Finding Melissa again

One of the reasons that I stopped writing Finding Melissa a few years ago was that I felt like I had finally found Melissa. That I had rebuilt a life and that I was no longer so submerged in an eating disorder that it was impossible to separate one from the other. That I had put the pieces painstakingly back together, making sense of why they’d come unhinged as I went along. That I knew who I was.

I am surprised to find myself drawn to writing about the same subject two years on.

It has been somewhat unsettling to find that I am scrabbling around, again, with a head full of questions and the impression that I have kind of disappeared somewhere along the way.

I wonder if this is how life works? Whether it is made up of these journeys.

I am beginning to suspect that I got the notion of a fixed sense of self wrong. To realise that it is hard to hold onto yourself when the context is constantly changing. To recognise that there is a different kind of stability which comes from somewhere deeper, maybe. That is like a beacon rather than a mooring.

It is hard to avoid clichés.

I have read a lot about identity and sense of self over the past few years. Descriptions where identity is clearly defined by action (I am what I do). Others, which point to a personal sense of self – a core that withstands what goes on around it. I have questioned who makes the definition. And whether it’s one that needs to be made –

And maybe it’s not the finite terms that matter, as I had previously believed. Maybe it’s not the labels or the tangible things or even the actions, because we all know how easy it can be to fall into the not doing or doing things trap, and how that can sometimes belie what we really feel….maybe it goes deeper and vaguer then that.

Language is scarily evasive sometimes.

I like the idea of the core self. I like the notion that there is a strong part of us, our essence, that can withstand whatever life throws at it. But I also believe that each different part of the journey requires a re-orientation. That there’s an adjustment period where you notice the context changing and have to work out, again, where you fit in.

I have found this re-orientation quite terrifying. I wonder, now, whether I should see it as a sign of growth.


4 responses to “Finding Melissa again

  1. (good to see you blogging again!)

    I definitely agree that there is no such thing as “fixed sense of self”. Am reading Gestalt/humanistic theory at the moment which discusses the way in which the “self” exists always in context of the surrounding environment/situtation/other people (referred to as “the field”). This includes all the past baggage that people bring to any scenario but also looks at how the self in the present is a changing entity.

    I think that trying to hold on to a single identity is a recipe for disaster because identity, like situations and environments and relationship is something that is fluid and constantly changing. If you try and maintain a fixed personality/self in the presence of constant change (even subtle change) you will be constantly fighting against your nature.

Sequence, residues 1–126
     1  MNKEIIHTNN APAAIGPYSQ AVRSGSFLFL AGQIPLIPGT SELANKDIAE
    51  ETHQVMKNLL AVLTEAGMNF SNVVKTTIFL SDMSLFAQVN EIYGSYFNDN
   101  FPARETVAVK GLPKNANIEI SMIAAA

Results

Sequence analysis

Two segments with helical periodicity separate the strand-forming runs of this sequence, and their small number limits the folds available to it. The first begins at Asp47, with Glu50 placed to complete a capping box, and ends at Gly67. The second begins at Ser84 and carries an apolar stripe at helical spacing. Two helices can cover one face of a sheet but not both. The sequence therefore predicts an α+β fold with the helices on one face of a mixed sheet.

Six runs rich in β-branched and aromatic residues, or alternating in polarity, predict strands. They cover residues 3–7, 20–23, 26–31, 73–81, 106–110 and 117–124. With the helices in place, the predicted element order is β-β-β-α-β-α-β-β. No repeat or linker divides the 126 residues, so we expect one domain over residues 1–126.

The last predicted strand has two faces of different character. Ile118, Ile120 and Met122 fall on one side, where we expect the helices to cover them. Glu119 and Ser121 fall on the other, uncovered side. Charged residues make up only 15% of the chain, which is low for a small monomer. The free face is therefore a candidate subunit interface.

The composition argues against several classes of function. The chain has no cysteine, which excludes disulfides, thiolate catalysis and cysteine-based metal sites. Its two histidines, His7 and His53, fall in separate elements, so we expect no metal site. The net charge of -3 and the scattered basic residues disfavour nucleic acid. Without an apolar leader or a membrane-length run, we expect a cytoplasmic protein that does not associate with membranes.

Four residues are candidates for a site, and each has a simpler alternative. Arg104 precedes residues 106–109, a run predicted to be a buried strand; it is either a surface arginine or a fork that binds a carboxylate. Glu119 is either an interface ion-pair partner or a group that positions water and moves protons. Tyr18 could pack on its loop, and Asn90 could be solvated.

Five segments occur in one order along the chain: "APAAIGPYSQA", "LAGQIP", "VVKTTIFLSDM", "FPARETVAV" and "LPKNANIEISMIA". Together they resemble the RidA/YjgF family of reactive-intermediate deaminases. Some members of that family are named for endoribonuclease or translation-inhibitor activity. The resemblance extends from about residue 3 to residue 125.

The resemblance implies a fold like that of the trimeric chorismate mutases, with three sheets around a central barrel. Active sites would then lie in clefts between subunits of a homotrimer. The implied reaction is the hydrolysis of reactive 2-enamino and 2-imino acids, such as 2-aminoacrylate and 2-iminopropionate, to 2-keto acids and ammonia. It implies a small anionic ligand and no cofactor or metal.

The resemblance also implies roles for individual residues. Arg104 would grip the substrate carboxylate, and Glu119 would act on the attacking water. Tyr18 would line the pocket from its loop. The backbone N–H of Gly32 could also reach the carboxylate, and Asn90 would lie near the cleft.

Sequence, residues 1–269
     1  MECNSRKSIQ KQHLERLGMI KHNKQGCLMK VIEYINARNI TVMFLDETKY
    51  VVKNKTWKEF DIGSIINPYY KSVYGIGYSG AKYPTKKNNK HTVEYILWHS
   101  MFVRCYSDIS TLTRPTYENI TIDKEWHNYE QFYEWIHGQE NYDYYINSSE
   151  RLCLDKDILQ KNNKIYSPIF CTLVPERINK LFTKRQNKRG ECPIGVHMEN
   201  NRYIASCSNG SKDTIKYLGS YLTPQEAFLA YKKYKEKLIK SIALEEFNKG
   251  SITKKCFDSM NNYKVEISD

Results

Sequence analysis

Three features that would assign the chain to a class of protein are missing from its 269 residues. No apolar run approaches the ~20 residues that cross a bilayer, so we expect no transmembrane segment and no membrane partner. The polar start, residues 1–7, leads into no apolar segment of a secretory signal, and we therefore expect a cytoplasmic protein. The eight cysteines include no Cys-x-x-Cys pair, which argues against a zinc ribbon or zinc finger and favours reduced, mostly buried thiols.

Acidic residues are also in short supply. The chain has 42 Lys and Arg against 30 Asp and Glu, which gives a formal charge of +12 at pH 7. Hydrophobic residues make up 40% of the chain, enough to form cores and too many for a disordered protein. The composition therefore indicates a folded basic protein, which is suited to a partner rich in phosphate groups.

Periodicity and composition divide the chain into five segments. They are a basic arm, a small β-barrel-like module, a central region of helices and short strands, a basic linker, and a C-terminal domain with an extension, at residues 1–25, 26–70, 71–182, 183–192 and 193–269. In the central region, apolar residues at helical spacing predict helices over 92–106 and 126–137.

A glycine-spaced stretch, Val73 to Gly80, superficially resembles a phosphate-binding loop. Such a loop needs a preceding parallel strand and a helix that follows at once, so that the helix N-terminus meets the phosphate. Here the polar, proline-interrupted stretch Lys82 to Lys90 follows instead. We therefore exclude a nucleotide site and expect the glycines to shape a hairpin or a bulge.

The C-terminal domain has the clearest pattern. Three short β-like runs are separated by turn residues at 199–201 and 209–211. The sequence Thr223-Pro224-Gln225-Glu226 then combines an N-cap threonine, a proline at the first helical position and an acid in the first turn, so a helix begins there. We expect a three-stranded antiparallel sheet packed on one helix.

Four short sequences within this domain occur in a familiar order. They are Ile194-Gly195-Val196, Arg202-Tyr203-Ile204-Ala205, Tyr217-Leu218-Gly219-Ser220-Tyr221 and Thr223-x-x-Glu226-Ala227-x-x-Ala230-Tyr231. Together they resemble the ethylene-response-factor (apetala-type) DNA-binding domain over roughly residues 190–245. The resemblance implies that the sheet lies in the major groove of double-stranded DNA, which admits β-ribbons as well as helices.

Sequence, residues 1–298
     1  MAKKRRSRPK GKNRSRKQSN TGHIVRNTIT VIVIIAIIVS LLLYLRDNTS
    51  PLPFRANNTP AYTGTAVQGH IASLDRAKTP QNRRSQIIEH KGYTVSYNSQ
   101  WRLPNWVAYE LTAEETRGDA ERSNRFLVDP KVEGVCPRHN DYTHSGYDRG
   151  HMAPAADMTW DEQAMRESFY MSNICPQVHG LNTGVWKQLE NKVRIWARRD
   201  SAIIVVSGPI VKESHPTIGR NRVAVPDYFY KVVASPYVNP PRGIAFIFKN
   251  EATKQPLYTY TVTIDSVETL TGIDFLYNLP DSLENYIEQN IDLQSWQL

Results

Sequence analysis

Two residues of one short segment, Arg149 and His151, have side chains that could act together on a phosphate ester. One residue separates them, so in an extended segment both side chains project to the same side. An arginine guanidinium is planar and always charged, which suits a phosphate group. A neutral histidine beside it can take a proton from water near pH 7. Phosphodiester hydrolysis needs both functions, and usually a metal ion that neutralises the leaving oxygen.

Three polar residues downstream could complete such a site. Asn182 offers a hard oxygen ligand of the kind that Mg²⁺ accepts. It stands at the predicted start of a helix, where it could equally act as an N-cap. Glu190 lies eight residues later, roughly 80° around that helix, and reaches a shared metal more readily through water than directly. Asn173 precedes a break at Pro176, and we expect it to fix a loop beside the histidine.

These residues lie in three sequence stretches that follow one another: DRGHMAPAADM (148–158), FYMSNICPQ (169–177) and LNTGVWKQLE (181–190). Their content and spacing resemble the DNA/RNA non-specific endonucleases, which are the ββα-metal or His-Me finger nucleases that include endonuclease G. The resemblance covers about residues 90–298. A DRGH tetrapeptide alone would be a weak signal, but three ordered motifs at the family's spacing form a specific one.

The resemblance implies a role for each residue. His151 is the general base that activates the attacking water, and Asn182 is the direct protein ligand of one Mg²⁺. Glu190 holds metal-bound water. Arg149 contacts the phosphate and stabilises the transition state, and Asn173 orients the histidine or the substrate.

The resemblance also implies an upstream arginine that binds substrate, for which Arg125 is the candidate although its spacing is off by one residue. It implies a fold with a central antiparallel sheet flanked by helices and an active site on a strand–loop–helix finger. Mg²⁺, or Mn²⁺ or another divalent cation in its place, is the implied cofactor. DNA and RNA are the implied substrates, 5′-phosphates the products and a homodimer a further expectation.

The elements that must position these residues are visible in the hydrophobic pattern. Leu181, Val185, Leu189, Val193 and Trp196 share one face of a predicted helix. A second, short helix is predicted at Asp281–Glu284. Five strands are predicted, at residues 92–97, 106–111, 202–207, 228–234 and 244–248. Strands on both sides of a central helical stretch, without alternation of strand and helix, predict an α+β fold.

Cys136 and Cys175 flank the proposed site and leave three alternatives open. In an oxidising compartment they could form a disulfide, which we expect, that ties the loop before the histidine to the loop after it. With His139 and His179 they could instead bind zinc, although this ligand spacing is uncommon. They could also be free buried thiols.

A stability can come from within (as you say) based on some fundamental sense of self, boundaries, awareness of desires and insight into your behaviours but we all equally need the flexibility to move with the flow of life and others.

    That’s my tuppence. (if it makes any sense) 🙂


  2. Makes a lot of sense 🙂 I guess the challenge I’m experiencing is doing all that without feeling that I am getting lost or disappearing. Guess that comes from a reduction in the tension (ie fighting to remain “the same”) and also getting more and more accustomed to change. We’ll see…

    • I think also (perhaps?) you might be extra sensitive to your sense of self, aware when it is strongest within you and when you feel less in control or defined..?

      Trying to balance the need to hold on to that with the potential for “letting go of the edge” – but without losing yourself in the process.

      If boundaries have been easily transgressed in the past they often remain fragile, tenuous and something that we want to hold on to and fight for. But you can do this gradually I think…

      Have you done much in the way of mindfulness/meditation? it’s something that can be fitted in to the day – even 10 minutes here and there to “check in” with yourself during a busy day is a way of reassuring yourself that “you” are still in there, despite all the busyness and demands from others on your time.


  3. Yep – think I’m hyper aware of it now which is also something I probably need to loosen. I haven’t done any meditation (or at least not seriously) but it’s definitely something that has been recommended a lot lately. Think finding that space somewhere sounds like a really good idea. x

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